Gartner and Hiatt Chapter 16, pp. 323-340; Klein and McKenzie pp301-310
Name components of functioning renal parenchyma versus passive collecting system.
Be able to describe the flow of blood through the kidneys from the renal artery back to
the renal vein via either a superficial or a juxtamedullary glomerulus.
Recognize the main divisions of the nephron with light microscopy and know their main
Name the components of the juxtaglomerular apparatus.
List the components of the glomerular filtration barrier.
Be able to identify the following components of the renal corpuscle with light
microscopy: parietal/visceral epithelium, mesangium, capillaries, urinary pole, vascular
pole, and Bowman's capsule.
Be able to identify the following components of the renal corpuscle by electron
epithelial, endothelial, and mesangial cells; mesangium; basement
Understand the zones of the kidney and the locations of various parts of the nephron
within those zones.
Cortex, medulla, nephron, transitional epithelium, ureter, Renal corpuscle,
glomerular filtration barrier and bladder.
The kidneys are located in the retroperitoneal space with the upper
pole at the level of T12 and the lower at L3.
Fetal Features - In fetal life, the kidneys are composed of 7-18 pyramid-shaped
lobes (bases externally oriented, apices pointing inward) giving them a lumpy external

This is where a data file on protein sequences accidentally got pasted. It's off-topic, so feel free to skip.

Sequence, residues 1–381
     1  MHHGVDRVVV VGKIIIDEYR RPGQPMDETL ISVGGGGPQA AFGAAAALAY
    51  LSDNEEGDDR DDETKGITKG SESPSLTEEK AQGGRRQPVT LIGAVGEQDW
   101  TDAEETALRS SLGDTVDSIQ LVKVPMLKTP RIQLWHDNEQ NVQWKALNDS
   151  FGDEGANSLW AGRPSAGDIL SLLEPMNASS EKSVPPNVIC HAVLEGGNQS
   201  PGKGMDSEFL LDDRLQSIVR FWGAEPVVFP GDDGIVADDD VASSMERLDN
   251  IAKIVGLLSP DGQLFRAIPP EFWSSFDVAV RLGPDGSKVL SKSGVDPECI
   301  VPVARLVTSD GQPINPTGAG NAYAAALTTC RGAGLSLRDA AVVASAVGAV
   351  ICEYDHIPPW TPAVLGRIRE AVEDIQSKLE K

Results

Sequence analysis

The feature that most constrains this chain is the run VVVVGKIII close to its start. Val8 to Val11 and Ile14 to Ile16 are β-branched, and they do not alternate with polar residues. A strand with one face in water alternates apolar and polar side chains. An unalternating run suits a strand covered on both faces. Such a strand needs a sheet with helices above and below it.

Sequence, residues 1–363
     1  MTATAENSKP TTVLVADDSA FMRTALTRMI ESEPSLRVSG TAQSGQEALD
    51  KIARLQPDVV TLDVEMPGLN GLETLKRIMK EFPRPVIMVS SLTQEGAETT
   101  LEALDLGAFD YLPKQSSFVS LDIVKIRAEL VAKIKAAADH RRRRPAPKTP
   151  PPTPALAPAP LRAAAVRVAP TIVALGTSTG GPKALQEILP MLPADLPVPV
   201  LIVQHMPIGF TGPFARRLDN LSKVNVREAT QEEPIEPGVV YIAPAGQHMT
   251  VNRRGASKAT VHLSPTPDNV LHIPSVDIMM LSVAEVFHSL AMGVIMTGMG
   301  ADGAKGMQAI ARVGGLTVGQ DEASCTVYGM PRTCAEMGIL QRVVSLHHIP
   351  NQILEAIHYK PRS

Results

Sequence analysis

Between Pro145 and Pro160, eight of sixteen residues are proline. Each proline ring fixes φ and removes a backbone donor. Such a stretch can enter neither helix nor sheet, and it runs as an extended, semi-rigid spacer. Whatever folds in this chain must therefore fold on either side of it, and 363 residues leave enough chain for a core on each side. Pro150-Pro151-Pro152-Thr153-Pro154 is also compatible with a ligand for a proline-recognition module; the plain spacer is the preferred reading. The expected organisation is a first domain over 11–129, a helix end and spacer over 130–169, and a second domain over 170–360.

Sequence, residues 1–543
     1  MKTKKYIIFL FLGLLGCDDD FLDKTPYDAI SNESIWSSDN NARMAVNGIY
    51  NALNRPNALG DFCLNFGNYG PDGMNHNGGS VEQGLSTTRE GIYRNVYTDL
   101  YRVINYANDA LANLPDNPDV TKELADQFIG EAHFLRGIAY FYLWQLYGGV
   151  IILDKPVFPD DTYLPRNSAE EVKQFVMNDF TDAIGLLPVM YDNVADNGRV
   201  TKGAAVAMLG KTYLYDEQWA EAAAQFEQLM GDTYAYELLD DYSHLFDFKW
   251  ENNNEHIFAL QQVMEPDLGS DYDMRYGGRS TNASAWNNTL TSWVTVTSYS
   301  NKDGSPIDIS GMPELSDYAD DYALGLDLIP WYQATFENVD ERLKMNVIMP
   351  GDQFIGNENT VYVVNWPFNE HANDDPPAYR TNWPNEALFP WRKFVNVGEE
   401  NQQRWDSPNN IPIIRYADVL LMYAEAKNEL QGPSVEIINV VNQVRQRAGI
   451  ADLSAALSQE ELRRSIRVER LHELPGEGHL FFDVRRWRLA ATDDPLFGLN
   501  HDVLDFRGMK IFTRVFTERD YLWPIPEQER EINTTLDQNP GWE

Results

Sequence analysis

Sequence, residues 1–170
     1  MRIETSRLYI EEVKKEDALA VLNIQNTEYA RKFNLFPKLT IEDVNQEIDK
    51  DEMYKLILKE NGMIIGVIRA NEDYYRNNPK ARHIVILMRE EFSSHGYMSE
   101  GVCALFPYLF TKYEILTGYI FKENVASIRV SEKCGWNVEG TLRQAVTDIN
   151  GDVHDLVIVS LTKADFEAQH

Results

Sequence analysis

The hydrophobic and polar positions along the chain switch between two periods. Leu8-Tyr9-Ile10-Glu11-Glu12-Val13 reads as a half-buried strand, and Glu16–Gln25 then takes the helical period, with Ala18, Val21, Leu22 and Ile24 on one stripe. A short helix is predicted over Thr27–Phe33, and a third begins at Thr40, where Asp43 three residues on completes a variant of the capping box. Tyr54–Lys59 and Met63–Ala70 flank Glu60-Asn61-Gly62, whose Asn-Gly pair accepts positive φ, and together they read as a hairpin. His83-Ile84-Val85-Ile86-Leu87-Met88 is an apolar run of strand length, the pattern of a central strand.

appearance. The demarcation between the lobes is obscured in time, so that the kidney
ultimately has a smooth appearance. It is important to be aware of the early lobar composition
of the kidneys to understand the internal architecture and nomenclature.
Adult Features -Each kidney weighs 120 to 170 gm and is 11-12 cm in length.
This occupies the outermost rim of tissue grossly, being about 1 cm in thickness.
Large vessels can be seen and delineate the cortex from the next zone inward, the medulla.
This zone is medial to the cortex and contains 7-18 conical masses called renal
. The base of each pyramid is at the corticomedullary boundary, while the apex of
each extends inward to the renal pelvis, forming a nipple-like protrusion called a
Sometimes several pyramids terminate in a common papilla, so that there are fewer papillae
than there are pyramids. Urine is released from small holes in the papillae into a passive
collecting system. Extensions of the cortex between adjacent pyramids are called
columns (of Bertin)
. Each pyramid and the surrounding cortical tissue in the renal column
, the total number corresponding to the number of lobes in the fetal kidney.